BOA Editions, 2002 (ISBN 1929918267)
The posthumous release of Anthony Piccione's poetry collection, The Guests at the Gate, offers an intriguing insight into the mind of a man who, his writing seems to imply, knew he was about to die. The poems in The Guests at the Gate move with the steady drive of a sermon, or else a eulogy, bouncing between the realities of the world and the author's inner need for something beyond that world.
When Piccione's work is strongest, he manages to grind both themes together into a palatable cocktail, as in the closing line to "Watching the Evening News":
I want to look away. I want to take up my grief, gather with others,
However, at times the sentimentality and constant falling back on the religious beliefs that fill his poems as they must have filled his life grow tiresome, even a bit trite or sappy, as in "Lying Down Under a Tree at Dusk":
Go well, oh anyone awake and marveling,
pray hard for what you are about to receive.
Nonetheless, the weaknesses Piccione shows while stumbling through a handful of these poems are human weaknesses. He fights them off adeptly at times like a tenor learning to sing again after a long illness. Piccione's work often touches a deeper place than can be found in either the natural or supernatural. In "At My Mother's Grave," for example, he reaches for an understanding of death one suspects is as much about his own coming end as about the woman he remembers:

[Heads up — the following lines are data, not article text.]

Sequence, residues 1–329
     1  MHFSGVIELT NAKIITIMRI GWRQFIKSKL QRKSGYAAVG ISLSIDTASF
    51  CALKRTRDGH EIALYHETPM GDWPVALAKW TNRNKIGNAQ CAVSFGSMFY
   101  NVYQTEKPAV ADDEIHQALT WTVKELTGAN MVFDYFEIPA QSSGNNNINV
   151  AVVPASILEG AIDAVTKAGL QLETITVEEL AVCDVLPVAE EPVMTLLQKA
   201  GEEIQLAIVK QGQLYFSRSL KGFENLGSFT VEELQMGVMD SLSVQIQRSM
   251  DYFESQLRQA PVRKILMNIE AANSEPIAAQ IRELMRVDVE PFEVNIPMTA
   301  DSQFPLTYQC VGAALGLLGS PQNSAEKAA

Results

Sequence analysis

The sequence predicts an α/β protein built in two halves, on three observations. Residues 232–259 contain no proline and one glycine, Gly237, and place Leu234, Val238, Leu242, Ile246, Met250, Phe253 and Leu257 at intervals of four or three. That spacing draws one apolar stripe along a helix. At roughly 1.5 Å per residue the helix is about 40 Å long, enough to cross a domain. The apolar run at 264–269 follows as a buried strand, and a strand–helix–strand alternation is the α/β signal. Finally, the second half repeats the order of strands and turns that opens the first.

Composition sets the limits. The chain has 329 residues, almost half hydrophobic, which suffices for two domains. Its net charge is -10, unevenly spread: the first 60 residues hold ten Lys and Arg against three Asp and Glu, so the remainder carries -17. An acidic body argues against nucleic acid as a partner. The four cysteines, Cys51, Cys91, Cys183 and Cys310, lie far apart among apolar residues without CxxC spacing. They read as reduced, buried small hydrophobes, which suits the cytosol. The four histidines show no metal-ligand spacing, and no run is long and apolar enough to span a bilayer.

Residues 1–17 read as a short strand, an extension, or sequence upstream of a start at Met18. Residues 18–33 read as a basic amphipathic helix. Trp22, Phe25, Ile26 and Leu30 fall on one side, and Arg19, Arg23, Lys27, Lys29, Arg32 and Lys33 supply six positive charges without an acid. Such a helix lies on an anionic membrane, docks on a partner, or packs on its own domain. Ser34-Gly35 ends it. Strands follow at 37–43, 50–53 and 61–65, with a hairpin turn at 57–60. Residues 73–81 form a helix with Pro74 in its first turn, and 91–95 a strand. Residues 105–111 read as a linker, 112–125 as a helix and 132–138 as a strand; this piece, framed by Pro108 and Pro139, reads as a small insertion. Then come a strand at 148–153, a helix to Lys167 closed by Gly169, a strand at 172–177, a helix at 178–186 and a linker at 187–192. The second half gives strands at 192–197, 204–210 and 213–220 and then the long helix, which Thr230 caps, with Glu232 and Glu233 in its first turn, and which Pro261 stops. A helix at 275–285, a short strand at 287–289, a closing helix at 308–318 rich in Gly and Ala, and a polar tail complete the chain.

I miss her everywhere. Nearness is more terrible
than death. When I weep, my hands go out alone,
I am cleaning my mother's place. This is her place!
I am still kneeling when dark stoops down.
I have labored in unwavering heat all afternoon.
Nothing is left to me except to make neat, call out
the unsaid days, and lie down on the grass. . .
Recommendation. Give it a shot. The Guests at the Gate accomplishes much of what it sets out to do. While its themes at times are worn, the writing is more often crisp and precise, alive with emotion. The reader feels what Piccione feels as he searches, finds, falters, and forgets. The Guests at the Gate is like a picnic in the graveyard: not standard fare, not a bad way to spend an afternoon.